Most people find that in a familiar, not too exciting location their dog soon chooses to spend more and more time hanging around nearby. So that might be the point at which you end the training session. Because this training is fun, dogs may be disappointed when it ends. So when your dog stops roaming, finish up with a quick game or practice a few tricks.
An Important Point and a Human Example
Here’s an important point about your dog’s developing habit of hanging around with you. Yes, she’s hoping for treats. But something else is going on as well. Event A -- attending to you -- now reliably predicts Event B -- getting the opportunity to go be doggy. When A predicts B, and B is wonderful, A starts to seem wonderful too.
Here’s a human example. Say you just started to date someone, and you assign them a new ringtone on your cell phone. Turns out your new boyfriend or girlfriend is great to be with and fun to talk to on the phone. What do you feel when you hear that ringtone? Mm-hmm. Your dog will also get to feel really good about checking in with you.
How to Practice in More Places
After you have worked in your familiar, not very exciting place a few times, practice in other locations. If you don’t have a variety of safe, fenced areas to choose from and your dog doesn’t reliably come when called, consider having her trail a 50- or 60-foot cord with a few knots along its length. You can step on this to catch her if you need to. I don’t recommend extending leads because, among other things, they accustom dogs to tension in the leash.
As you practice more often and in more and more places, your dog will learn to automatically focus on you when you’re about to let her off leash. And, once she’s off, she’ll check in frequently. You can still give her a food reward sometimes, but you can also toss a ball for her, or ask her to do a fun trick. Then encourage her to go explore.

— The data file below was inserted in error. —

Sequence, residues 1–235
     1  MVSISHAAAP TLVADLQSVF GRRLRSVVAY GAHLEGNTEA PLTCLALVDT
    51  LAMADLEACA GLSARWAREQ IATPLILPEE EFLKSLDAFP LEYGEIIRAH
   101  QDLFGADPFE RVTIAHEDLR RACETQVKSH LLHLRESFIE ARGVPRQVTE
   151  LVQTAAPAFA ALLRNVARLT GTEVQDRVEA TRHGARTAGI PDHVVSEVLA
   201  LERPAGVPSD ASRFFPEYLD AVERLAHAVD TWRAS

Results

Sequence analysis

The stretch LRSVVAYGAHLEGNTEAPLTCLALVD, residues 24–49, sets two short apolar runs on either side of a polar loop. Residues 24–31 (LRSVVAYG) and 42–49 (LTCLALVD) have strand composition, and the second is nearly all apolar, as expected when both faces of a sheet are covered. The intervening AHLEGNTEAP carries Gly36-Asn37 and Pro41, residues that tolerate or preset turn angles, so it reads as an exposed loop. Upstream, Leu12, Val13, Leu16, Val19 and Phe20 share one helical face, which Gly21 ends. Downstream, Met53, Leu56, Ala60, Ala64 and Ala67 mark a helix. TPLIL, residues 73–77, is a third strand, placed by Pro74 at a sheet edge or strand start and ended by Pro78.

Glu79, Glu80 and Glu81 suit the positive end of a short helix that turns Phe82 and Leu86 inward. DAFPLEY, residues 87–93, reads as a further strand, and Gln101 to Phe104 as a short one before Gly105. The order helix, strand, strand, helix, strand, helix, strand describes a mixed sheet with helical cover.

How to Get Your Dog to Enjoy Being On Leash
Of course, sooner or later it’ll be time to leash up and go home. For many dogs, being on leash means the fun is over. But not so for your dog! You’ve taught her that being on leash almost always comes with the opportunity to go play again. Besides -- and here we’re straying away from the Premack principle a bit -- just because your dog’s on leash doesn’t mean you need to act like a stick in the mud. As you walk home or head back to your car, talk to your dog, give her a toy to carry, ask her to do tricks and reward her with scritches and treats. Being with you should never be any kind of a drag.
That’s all for this week – but, like your dog, I’ll be back. Visit me on Facebook. Comments and questions are welcome – e-mail firstname.lastname@example.org or call 206-600-5661. Thanks for listening!
In this YouTube video of the Premack principle being used to teach a dog to orient to her person when off leash, the trainer explains that she used a clicker to mark her dog’s attention to her.
The clicker sound is distinctive, which is a huge advantage. So that you can get started right away without any equipment, I substitute a happy “Yes!” in this and my other podcasts, but if you want to learn more about clicker training, I will cheer you on! www.clickertraining.com and www.clickersolutions.com are excellent sources of free information on this great technique.
Image courtesy of Shutterstock